Monday, March 10, 2014

Health impact of sugar-sweetened beverages taxation

Averting Obesity and Type 2 Diabetes in India through Sugar-Sweetened Beverage Taxation: An Economic-Epidemiologic Modeling Study

Clever politicians want to know the potential welfare impact of taxation. I said "clever", though this is not always the case. An example of economic modeling for sugar-sweetened beverages to set up the right level of taxation (in India), appears in PLOS Medicine. The summary:
The researchers used survey data relating SSB consumption to price variations to calculate how changes in the price of SSBs affect the demand for SSBs (own-price elasticity) and for other beverages (cross-price elasticity) in India. They combined these elasticities and data on SSB sales trends, BMIs, and diabetes incidence (the frequency of new diabetes cases) into a mathematical microsimulation model to estimate the effect of a 20% tax on SSBs on caloric (energy) consumption, glycemic load (an estimate of how much a food or drink raises blood sugar levels after consumption; low glycemic load diets lower diabetes risk), the prevalence of overweight/obesity, and the incidence of diabetes among Indian subpopulations. According to the model, if SSB sales continue to increase at the current rate, compared to no tax, a 20% SSB tax would reduce overweight/obesity across India by 3.0% and the incidence of type 2 diabetes by 1.6% over the period 2014–2023. In absolute figures, a 20% SSB tax would avert 11.2 million cases of overweight/obesity and 400,000 cases of type 2 diabetes between 2014 and 2023. Notably, if SSB sales increase more steeply as predicted by drinks industry marketing models, the tax would avert 15.8 million cases of overweight/obesity and 600,000 cases of diabetes. Finally, the model predicted that the largest relative effect of an SSB tax would be among young men in rural areas.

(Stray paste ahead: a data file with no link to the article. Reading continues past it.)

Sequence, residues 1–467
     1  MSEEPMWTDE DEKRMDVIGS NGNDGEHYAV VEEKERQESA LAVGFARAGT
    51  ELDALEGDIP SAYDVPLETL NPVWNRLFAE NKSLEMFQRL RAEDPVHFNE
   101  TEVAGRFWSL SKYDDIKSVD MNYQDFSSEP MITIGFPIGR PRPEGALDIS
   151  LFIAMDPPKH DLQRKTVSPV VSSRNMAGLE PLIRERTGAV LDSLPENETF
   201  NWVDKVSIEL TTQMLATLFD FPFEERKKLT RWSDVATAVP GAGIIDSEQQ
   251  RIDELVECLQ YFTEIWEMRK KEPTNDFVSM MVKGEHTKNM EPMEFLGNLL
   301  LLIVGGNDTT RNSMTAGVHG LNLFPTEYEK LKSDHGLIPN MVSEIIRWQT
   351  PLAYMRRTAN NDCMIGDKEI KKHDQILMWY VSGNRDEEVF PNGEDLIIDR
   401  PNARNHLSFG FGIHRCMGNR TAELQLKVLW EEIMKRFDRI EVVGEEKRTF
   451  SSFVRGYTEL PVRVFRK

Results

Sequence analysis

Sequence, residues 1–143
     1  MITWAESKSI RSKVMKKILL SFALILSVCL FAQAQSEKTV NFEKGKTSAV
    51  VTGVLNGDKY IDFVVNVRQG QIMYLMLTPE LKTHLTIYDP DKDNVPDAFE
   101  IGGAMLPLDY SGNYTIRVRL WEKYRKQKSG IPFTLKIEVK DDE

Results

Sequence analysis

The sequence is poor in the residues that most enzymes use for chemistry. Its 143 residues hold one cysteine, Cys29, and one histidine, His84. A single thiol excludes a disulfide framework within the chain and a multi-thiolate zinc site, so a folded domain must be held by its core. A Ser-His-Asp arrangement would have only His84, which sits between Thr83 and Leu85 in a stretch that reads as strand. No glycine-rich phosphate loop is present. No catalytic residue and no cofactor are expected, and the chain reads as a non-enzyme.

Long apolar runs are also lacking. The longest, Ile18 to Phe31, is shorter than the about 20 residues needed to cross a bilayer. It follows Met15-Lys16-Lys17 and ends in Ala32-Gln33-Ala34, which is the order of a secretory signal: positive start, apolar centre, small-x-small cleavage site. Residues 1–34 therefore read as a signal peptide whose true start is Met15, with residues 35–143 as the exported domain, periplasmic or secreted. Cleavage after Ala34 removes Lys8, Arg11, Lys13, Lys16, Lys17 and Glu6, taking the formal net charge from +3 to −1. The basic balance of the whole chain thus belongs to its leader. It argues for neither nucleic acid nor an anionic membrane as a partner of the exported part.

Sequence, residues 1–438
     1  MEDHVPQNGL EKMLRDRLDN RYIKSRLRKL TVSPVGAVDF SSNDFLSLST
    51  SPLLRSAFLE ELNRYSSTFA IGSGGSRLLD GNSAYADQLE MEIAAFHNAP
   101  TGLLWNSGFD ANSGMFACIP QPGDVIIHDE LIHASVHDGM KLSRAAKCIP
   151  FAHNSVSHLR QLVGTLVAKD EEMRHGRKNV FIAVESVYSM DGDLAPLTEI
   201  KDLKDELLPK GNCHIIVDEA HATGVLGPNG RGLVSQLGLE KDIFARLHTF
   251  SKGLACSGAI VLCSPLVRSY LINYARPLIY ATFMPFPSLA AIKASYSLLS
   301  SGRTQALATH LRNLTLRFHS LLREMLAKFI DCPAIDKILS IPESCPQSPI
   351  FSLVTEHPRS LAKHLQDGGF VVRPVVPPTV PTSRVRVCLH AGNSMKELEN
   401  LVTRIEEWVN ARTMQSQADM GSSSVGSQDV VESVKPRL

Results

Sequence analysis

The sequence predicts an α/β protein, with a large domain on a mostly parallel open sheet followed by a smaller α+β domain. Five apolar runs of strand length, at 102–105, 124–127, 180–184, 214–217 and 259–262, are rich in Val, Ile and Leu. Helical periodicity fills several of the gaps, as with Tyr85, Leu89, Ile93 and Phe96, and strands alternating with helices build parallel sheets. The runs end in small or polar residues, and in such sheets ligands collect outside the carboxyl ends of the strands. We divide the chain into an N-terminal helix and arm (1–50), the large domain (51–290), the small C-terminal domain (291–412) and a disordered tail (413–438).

The results confirm previous studies, 20% may be the ceiling for a tax . But what happens to health?. Assumptions on a fall in consumption, are just that, assumptions. And former behaviour is extrapolated into the future. This is what happens to any model, and this is the uncertainty and courage that any politician must hold in taking a difficult decision. Such moment is closer than before. If you are not convinced, I would suggest you have a look at this documentary released last week:



The documentary is about weight control, but places special emphasis on sugar (addiction). Please have a look at the quantity of sugar in a beverage!!! (14 sugar cubes). Incredible.

PS. "Superbe" post by Reinhardt: How the Medical Establishment Got the Treasury’s Keys

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